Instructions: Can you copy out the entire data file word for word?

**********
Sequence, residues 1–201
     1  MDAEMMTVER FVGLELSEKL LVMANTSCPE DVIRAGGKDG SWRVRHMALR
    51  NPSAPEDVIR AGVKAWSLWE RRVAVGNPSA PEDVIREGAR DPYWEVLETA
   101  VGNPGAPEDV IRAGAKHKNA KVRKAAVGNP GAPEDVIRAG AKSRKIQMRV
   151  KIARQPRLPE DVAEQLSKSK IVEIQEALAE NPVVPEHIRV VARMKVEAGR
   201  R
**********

Sequence, residues 1–201
     1  MDAEMMTVER FVGLELSEKL LVMANTSCPE DVIRAGGKDG SWRVRHMALR
    51  NPSAPEDVIR AGVKAWSLWE RRVAVGNPSA PEDVIREGAR DPYWEVLETA
   101  VGNPGAPEDV IRAGAKHKNA KVRKAAVGNP GAPEDVIRAG AKSRKIQMRV
   151  KIARQPRLPE DVAEQLSKSK IVEIQEALAE NPVVPEHIRV VARMKVEAGR
   201  R